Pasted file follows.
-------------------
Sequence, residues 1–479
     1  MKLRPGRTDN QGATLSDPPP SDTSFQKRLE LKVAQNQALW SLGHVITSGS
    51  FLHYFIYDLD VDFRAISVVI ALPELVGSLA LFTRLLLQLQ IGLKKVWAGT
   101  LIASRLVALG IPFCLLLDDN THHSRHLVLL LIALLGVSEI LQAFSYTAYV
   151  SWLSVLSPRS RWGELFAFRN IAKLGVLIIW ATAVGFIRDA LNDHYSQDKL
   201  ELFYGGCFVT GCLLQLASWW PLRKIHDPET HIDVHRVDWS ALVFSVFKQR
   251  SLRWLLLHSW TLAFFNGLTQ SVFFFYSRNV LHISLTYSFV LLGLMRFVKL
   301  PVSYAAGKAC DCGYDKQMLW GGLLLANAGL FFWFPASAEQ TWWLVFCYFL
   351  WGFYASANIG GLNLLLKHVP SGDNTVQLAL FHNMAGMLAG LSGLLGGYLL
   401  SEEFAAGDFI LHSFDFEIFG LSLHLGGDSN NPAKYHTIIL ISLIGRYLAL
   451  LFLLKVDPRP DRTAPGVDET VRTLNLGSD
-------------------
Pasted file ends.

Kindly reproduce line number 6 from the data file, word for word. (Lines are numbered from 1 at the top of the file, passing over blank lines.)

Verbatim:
   201  ELFYGGCFVT GCLLQLASWW PLRKIHDPET HIDVHRVDWS ALVFSVFKQR